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For many of us, food allergies are just a fact of life. Aside from hoping to outgrow a food allergy, the only way to prevent an allergic reaction to a food is by avoiding it. But if there is a food that you or your children love, and it contains an allergen, what can you do?

Fortunately, plenty of people around the over have worked on substitutions for common food allergens that get used as ingredients. We have collected some suggestions for these below.

Substitutions for Corn Allergies

Corn kernels themselves are easy to remove from recipes, but corn is also used to create a wide variety of different ingredients, including:

  • Corn oil
  • Corn syrup
  • Cornstarch
  • Baking powder
  • Powdered sugar
  • Vanilla extract

For both corn oil and corn syrup, we recommend seeking out alternative oils / syrups for your food. Olive oil is a common substitute for corn oil in meals, and honey is a simple substitute for corn syrup. If you want to go simple with your syrup replacement, you can instead dissolve 1/4 cup of sugar into 1 cup of water and use that instead.

Cornstarch is used to thicken foods, which is part of the reason it is included in both baking powder and powdered sugar. In general, you will want to replace cornstarch with a different kind of starchy ingredient. Most of these ingredients aren’t as strong as cornstarch, so you may need to add additional cook time and/or more starch. Some common inclusions:

  • 2:1 potato starch, rice starch, or tapioca starch
  • 1:1 arrowroot starch (the food may need to be cooked slightly longer)
  • 3:1 wheat (the food should be cooked much longer, or it will taste like wheat)

You can get 1 cup of powdered sugar substitute by mixing 1 cup of granulated sugar with 1 Tbsp of potato starch in a food processor. You can also switch out 1 Tsp of baking powder for 1/4 Tsp of baking soda along with 5/8 Tsp of cream of tartar (you can use a generous 1/2 Tsp instead if 5/8 is too hard to measure out).

Vanilla extract is also commonly laden with corn. Corn-based alcohol is used to dissolve the extract in liquid form, while vanilla powder is usually laced with cornstarch. Some vanilla extracts are even sweetened with corn syrup. A store near you may sell corn-free vanilla extract, but this isn’t common. The simplest route is just to sweeten your food with a little sugar in lieu adding vanilla flavor.

Substitutions for Egg Allergies

Eggs play a key role in the preparation of many baked goods, and they are very good at what they do. Most replacements can only compensate for one aspect of the egg, which means you need to be tactical when choosing your egg substitutes. We have broken down our egg replacements into three categories: binding, leavening, and browning.

The binding properties of eggs are useful when making dense foods, such as brownies and drop cookies. These properties can be replicated with other thick liquids. We recommend the following substitutes for 1 egg:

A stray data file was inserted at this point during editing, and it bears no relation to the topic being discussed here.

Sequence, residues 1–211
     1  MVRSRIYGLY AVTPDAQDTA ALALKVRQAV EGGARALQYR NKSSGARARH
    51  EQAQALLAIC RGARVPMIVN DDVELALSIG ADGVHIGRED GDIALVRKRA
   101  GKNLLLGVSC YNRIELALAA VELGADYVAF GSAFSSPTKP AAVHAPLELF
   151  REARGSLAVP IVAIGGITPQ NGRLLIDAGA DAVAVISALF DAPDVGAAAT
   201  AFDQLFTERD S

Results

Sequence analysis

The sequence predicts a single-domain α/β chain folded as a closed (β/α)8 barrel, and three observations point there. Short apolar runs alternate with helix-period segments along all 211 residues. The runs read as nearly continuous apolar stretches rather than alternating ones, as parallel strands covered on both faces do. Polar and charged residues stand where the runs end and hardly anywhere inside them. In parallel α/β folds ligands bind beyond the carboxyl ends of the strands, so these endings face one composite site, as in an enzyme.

• 1/4 cup of pureed fruit. Unsweetened applesauce is a common candidate. You can also use mashed bananas. It takes about 1/2 of your average banana to make 1/4 cup of fruit.
  • 1/4 cup of pureed tofu. Tofu is essentially flavorless, but makes the resulting product denser than most other substitutes.
  • 3-1/2 Tbsp of prepared gelatin. Create the gelatin from powder and then use that as your binding agent – Don’t pour in 3-1/2 tablespoons of powder!
  • 1 Tbsp of finely-ground flaxseed alongside 3 Tbsp of water. Stir these ingredients together and let them sit for a minute or two before you use them. Flaxseed gives a nutty flavor which isn’t always popular.

Eggs are also useful as leavening agents, helping baked goods such as cakes rise during the cooking process. For this, substitutes like applesauce and tofu aren’t going to help you. We recommend the following substitutes for 1 egg.

  • 1 Tsp of baking soda and 1 Tbsp of white vinegar, mixed separately
  • 1-1/2 Tbsp vegetable oil, 1-1/2 Tbsp water, and 1 Tsp baking powder mixed together.
  • 1 Tsp yeast dissolved in 1/4 cup of warm water.

Unlike egg, these substitutes will start reacting immediately. Once you add them to your recipe, get the mixture into the oven as quickly as possible so that leavening can occur while your food is cooking.

Lastly, eggs can be used for browning (also called glazing). A recipe may call for eggs whites to be brushed onto a baked good before it is cooked, which gives the food a golden brown color. You can replicate this using the same quantity of melted margarine.

Commercial Egg Replacements

There are also egg replacements available in grocery stores. The most popular egg replacements is   Ener-G, but other brands are starting to join in. Make sure to check the ingredients on your egg replacement before you buy it – some are just intended to be healthier alternatives to eggs (such as just the egg white), as opposed to truly egg-free products. These egg replacements are generally mixed with water, and can be used as both binding and leavening agents. The proteins in these replacements lose their usefulness after they are activated, so make sure to put them in your recipe as soon as you prepare them!

Substitutions for Milk Allergies

Substitutions for Nut Allergies

Substitutions for Soy Allergies

Substitutions for Wheat Allergies